Saturday

31st Oct 2020

Malta raises alarm over illegal immigration

Malta raised the alarm today (2 September) over a surge in illegal immigration to the island, demanding EU assistance and tougher repatriation policies.

At the special request of the Maltese, the issue was discussed at an informal EU foreign ministers' gathering in Newport, Wales.

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  • Malta - one illegal immigrant for every two native Maltese (Photo: European Commission)

The Maltese government has this year witsessed a substantial upsurge in illegal immigration.

Around 1,200 illegal immigrants, primarily from North African and sub-sahara African states, have landed in Malta since January.

This is already twice as much as during the whole of 2004, a Maltese spokesman told EUobserver.

"That means that for every two people born in Malta, there is one illegal immigrant", the spokesman said.

"If the trend continues at the current pace, this ratio will be three to two by the end of this year", he added.

The densely-populated mediterranean island says it faces considerable problems absorbing the migrants, particularly in terms of social conditions and security.

Amnesty International in a report this year criticised conditions in Maltese detention centres where illegals are held as being "well below international standards".

During his intervention at the foreign ministers' meeting, Maltese foreign minister Michael Frendo called upon his colleagues to take over some of the refugees that were granted asylum by Malta in order to ease the pressure on the island.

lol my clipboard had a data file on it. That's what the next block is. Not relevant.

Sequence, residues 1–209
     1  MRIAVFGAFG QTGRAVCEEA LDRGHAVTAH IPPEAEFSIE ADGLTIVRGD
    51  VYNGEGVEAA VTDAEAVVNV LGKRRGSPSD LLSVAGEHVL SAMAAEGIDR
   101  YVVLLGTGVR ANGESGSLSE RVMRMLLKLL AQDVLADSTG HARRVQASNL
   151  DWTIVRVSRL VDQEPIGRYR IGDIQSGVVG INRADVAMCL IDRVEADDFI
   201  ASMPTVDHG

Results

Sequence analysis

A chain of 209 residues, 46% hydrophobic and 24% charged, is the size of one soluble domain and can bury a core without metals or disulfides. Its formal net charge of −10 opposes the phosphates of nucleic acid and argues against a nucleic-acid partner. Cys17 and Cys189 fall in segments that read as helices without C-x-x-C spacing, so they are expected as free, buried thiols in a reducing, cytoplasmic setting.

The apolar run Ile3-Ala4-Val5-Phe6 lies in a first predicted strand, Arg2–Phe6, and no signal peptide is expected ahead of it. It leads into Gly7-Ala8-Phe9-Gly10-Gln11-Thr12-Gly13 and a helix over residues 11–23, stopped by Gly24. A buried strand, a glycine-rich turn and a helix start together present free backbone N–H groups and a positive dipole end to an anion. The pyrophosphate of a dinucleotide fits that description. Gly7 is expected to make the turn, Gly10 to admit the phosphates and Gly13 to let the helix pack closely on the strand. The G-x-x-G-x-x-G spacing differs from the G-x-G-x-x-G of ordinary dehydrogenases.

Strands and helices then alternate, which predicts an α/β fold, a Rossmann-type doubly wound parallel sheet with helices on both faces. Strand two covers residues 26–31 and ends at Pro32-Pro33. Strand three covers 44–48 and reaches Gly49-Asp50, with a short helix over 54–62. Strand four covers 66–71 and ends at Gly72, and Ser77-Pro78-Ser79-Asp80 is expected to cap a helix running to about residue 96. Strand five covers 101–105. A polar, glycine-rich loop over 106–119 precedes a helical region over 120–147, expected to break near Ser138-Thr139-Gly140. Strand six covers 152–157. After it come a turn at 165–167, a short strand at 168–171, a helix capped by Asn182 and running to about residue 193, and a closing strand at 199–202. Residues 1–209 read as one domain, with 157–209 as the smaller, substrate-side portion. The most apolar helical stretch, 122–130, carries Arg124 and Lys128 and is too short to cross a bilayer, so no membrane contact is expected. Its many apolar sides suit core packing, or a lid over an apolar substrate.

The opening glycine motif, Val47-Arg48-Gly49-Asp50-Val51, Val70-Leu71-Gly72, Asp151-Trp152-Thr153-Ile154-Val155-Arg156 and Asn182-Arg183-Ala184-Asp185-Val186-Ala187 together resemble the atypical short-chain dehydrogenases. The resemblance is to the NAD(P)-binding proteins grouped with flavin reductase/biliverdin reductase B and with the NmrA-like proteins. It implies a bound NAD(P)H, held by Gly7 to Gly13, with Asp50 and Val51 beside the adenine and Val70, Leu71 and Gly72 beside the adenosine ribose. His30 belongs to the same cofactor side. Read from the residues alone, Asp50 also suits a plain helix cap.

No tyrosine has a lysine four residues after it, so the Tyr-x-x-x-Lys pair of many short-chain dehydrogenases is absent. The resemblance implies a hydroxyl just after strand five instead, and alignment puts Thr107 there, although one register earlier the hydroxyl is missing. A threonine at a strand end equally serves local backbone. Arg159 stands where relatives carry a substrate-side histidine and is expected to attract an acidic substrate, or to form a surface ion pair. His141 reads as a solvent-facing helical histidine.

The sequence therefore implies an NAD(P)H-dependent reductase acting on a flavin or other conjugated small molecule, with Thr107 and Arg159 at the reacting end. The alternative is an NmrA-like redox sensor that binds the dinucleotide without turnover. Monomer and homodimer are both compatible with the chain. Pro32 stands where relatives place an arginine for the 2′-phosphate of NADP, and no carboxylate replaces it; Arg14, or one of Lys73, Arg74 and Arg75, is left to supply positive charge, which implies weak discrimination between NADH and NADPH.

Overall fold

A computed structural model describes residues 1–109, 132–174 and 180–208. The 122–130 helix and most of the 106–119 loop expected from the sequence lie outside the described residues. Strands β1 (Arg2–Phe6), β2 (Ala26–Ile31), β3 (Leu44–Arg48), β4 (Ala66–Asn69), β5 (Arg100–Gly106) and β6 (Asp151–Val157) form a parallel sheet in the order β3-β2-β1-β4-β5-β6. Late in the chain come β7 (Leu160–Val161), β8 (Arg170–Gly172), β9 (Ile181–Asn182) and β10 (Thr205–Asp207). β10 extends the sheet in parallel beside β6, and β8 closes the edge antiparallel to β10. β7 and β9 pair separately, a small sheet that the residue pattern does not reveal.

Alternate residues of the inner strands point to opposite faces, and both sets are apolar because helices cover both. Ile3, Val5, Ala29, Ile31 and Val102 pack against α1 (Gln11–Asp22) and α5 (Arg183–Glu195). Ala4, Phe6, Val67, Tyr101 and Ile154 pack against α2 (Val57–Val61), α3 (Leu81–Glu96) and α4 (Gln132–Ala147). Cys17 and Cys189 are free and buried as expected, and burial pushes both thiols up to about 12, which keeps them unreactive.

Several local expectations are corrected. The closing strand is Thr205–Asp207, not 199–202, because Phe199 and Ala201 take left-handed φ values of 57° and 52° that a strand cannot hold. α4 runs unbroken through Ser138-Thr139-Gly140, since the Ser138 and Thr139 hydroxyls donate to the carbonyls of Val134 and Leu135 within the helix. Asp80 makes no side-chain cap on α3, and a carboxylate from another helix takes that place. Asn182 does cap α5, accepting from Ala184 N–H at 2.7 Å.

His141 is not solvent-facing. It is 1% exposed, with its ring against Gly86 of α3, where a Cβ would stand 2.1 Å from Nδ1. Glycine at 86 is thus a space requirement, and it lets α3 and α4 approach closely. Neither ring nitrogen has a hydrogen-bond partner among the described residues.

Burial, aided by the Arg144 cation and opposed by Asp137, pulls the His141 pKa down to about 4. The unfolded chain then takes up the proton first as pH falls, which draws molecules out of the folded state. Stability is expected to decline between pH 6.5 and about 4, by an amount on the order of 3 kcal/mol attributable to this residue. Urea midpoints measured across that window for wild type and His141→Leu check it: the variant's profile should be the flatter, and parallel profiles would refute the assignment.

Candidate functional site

"Malta accepts 53 percent of applications for asylum, which is one of the highest rates in the EU", the Maltese spokesman said.

He added that several EU countries - not only in the mediterranean - had offered to admit some of the refugees with asylum status from Malta, but he declined to name the states concerned.

The Maltese minister also called upon the EU to pressure African states more strongly to re-admit illegal immigrants once they have been expelled from the EU.

He suggested that the prime economic development aid agreement that the EU has with the region - the Cotonou agreement - should be used as a pressure tool to achieve better co-operation with African countries.

Malta claims the paragraph on migration in the Cotonou text - stating that African states should readmit their nationals residing illegally in the EU - should be read as a condition for these states to receive EU development aid.

The issue of illegal immigration was already in the spotlight earlier this week when commissioner Franco Frattini presented proposals calling upon member states to adopt stricter common rules governing the return of illegal immigrants and failed asylum seekers.

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